By Sarah Massry

For Jews living in the former Soviet Union and other Communist countries during the 1950s, observing Pesach, with kosher matzah and wine, was virtually impossible. Many of them tried with the limited resources available to them yet still were unable to observe the yom tov properly. During that era, there were numerous instances in which well-intentioned, but spiritually deprived, Jews actually baked matzah with chametz ingredients.

When Rabbi Moshe Sherer, z’l, then president of Agudath Israel of America, learned of their predicament, he recognized the need of the thousands of Yidden stuck in the Communist countries of the former Soviet Union. He worked tirelessly to clandestinely send them matzah and other basic Pesach necessities, using various humanitarian channels and Agudath Israel contacts in Switzerland.

The response was overwhelmingly positive. This gesture strengthened and gave hope to the Jews trapped behind the Iron Curtain. Thus began Agudath Israel’s Overseas Passover Campaign, which brings the fundamental ingredients of a kosher Pesach to needy Jews around the world.

Over the years, as more and more Jews wished to observe the yom tov, demand for the Pesach products grew. Today Agudath Israel’s Overseas Passover Campaign continues to fill a vital need and remains a fitting tribute to Rabbi Sherer’s devotion and hard work. “There are many local organizations here in the United States which provide aniyei ircha with matzah and Passover necessities,” explains Rabbi Shlomo Gertzulin, executive vice president for finance and administration, Agudath Israel of America, “but we take care of those who seem to have been forgotten. The Overseas Passover Campaign ensures that all Yidden have the opportunity to properly observe Pesach.”

Rabbi Gertzulin explains that the Overseas Passover Campaign has made a real difference in the lives of many Jews living abroad.

“Over the years, our campaign has distributed millions of dollars of matzah, grape juice, and other Pesach products to tens of thousands of impoverished Jews who, even today, live in the former Soviet Union and in other countries once behind the Iron Curtain. The fall of communism brought thousands of Jews into the open, and reignited their hearts to observance of Yiddishkeit.”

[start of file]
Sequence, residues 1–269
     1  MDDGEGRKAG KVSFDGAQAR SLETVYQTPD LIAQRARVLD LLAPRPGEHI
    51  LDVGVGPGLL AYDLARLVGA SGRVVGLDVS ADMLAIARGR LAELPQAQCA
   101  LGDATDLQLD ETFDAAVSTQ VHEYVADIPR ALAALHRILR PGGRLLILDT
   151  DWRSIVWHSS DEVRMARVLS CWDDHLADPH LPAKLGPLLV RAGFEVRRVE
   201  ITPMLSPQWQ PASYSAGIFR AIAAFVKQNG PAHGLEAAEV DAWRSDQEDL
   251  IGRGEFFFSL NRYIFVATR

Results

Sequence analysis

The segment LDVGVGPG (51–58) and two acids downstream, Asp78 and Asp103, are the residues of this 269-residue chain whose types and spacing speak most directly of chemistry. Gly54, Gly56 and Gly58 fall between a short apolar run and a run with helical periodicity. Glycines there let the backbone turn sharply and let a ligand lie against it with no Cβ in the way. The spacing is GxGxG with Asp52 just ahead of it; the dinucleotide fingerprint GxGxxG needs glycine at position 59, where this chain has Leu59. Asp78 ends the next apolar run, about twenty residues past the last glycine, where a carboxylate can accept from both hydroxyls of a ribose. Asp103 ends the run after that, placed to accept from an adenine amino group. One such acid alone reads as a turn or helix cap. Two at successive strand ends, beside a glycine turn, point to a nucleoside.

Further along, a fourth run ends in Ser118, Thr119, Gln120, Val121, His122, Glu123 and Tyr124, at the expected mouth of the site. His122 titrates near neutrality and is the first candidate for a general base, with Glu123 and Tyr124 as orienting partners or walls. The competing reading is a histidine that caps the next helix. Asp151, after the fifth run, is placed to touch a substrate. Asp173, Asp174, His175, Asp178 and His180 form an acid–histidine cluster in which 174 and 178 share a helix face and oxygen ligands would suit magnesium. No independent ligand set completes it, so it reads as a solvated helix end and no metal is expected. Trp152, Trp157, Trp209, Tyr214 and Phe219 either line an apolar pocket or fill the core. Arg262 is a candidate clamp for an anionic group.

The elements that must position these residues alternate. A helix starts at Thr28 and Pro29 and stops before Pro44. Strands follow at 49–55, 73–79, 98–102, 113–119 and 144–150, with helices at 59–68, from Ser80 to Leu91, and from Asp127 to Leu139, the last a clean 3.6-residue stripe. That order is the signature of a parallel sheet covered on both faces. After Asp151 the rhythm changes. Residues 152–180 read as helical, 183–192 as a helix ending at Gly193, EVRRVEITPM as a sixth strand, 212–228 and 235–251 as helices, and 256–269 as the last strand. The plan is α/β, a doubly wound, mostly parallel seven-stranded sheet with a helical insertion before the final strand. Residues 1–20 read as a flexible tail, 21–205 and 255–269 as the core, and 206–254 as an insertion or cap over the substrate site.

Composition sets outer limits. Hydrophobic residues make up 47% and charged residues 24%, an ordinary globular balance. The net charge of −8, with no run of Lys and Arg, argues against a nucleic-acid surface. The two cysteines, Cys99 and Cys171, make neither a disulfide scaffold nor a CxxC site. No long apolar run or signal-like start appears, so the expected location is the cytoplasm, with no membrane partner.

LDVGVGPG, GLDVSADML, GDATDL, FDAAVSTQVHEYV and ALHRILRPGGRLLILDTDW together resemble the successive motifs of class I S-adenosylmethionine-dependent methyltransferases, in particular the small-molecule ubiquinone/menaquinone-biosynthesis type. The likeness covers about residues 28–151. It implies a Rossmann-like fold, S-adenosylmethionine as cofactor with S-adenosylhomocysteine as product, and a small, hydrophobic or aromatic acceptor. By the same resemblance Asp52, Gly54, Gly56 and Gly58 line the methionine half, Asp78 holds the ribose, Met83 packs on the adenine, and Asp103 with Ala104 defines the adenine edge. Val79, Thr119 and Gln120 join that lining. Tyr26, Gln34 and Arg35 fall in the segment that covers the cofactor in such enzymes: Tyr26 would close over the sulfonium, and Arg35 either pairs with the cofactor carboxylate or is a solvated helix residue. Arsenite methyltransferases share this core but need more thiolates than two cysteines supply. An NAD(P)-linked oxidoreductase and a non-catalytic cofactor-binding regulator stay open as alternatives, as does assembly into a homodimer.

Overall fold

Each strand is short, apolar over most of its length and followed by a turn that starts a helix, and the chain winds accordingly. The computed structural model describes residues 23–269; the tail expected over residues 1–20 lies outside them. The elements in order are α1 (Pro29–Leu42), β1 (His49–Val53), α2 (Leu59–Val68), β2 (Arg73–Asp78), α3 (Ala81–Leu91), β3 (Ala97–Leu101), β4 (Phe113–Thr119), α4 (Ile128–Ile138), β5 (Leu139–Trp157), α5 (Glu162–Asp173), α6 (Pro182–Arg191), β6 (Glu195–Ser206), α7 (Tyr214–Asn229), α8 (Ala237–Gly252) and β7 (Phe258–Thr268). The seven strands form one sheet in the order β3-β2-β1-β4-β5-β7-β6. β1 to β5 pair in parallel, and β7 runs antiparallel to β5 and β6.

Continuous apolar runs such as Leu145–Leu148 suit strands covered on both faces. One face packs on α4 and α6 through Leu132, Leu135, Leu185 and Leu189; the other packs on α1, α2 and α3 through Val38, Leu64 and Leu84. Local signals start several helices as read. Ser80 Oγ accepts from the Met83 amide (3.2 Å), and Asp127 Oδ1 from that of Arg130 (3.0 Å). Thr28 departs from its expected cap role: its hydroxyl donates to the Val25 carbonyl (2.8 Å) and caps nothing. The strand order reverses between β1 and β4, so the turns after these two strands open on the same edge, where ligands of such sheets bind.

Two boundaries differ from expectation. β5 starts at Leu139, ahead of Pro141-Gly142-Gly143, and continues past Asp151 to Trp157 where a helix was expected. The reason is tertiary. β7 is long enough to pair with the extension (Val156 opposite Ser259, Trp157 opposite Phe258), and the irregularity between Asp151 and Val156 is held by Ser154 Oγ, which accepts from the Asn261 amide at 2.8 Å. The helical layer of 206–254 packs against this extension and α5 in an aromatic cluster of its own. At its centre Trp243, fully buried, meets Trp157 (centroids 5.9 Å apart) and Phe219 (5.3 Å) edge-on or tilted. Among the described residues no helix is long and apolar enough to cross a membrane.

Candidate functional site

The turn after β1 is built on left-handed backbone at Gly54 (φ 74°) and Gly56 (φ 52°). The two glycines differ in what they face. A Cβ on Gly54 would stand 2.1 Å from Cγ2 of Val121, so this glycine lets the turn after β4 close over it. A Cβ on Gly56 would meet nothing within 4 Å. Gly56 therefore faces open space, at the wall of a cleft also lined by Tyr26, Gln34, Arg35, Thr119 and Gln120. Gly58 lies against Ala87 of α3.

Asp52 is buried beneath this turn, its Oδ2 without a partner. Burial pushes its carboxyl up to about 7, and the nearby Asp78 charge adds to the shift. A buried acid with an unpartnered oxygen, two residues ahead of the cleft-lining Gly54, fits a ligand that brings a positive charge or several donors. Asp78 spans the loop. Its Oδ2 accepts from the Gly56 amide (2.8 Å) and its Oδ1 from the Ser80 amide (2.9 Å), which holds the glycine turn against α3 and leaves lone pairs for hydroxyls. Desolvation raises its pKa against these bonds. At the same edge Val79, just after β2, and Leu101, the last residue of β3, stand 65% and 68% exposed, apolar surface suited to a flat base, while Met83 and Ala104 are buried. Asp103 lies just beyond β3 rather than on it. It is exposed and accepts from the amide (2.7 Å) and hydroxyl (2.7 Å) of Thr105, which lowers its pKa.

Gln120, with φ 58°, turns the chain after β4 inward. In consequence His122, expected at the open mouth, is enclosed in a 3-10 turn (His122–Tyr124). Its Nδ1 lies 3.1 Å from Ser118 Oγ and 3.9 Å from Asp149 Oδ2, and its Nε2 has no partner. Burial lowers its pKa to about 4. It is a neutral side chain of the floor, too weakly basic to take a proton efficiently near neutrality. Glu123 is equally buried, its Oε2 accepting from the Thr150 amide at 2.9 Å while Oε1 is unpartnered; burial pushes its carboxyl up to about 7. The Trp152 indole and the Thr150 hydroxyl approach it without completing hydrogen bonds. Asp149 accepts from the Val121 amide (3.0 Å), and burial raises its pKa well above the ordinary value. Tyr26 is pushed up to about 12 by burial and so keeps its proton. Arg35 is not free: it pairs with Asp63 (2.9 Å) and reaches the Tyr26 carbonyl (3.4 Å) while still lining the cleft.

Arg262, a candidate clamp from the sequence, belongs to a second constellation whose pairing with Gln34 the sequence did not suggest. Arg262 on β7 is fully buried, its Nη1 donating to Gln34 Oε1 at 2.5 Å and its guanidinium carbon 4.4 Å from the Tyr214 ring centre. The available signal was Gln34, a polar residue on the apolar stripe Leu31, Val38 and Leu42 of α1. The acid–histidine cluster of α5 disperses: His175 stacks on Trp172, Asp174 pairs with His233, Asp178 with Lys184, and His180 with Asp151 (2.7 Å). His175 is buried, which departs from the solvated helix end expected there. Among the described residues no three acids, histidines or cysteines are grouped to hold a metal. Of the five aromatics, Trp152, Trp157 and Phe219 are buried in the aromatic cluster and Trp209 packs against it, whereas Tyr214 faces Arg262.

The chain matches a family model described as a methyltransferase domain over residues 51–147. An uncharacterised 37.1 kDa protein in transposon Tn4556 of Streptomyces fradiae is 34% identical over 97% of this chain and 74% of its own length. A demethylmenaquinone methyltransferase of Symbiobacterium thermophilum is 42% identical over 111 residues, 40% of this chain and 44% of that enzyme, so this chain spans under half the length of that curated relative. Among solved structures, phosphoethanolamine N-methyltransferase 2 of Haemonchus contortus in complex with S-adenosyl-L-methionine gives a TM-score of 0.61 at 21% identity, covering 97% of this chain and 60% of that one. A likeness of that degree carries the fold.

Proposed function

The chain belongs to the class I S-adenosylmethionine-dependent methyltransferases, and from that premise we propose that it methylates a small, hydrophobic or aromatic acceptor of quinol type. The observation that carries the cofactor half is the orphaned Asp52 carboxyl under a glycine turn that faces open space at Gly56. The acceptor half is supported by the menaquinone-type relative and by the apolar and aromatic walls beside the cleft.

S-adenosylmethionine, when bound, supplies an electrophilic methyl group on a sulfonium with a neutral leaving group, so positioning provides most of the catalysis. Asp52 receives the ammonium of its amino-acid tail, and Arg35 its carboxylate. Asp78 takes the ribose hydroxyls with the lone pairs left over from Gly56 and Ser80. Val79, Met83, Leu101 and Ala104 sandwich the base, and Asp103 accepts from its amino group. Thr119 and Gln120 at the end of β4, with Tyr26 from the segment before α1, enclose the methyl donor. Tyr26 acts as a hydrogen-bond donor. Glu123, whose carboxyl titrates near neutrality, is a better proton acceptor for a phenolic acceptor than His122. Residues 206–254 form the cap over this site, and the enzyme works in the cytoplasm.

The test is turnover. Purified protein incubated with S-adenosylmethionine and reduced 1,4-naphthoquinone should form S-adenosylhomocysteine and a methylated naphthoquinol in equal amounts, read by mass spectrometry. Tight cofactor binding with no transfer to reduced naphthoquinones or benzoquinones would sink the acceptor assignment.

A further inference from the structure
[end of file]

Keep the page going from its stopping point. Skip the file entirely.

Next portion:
Agudath Israel is grateful to work with some wonderful partners, organizations in Russia, Ukraine, Belarus, and other countries, which distribute the supplies for Agudath Israel. “These organizations act as our on-the scene shluchim; together we are able to help Jews keep Pesach,” says Rabbi Gertzulin. Among these partners, V’aad L’hatzolas Nidchei Yisroel, which is directed by HaRav Matisyahu Salomon, has established schools and kollels and fostered the growth of Jewish communities in the former Communist countries.

Incredibly, there is currently a community of shomrei Shabbos Yidden living in Gori, Georgia, Stalin’s hometown. Stalin and his henchmen burnt down shuls and tried to destroy any semblance of Yiddishkeit in that town; yet today, Stalin is dead and Yiddishkeit is alive in Gori. The Jews of Gori will be celebrating Pesach this year, thanks to the Agudath Israel Overseas Passover Campaign and its partner organizations.

“Several years ago I was able to travel to Kiev and other cities in Ukraine, as well as to communities in Azerbaijan, Georgia, and Russia,” recalls Rabbi Gertzulin. “I witnessed the mesiras nefesh of the Jews who wanted to keep Pesach k’halacha. I saw the local matzah bakery and was tremendously impressed by the extraordinary dedication of those trying to keep Pesach properly under such difficult conditions.” v


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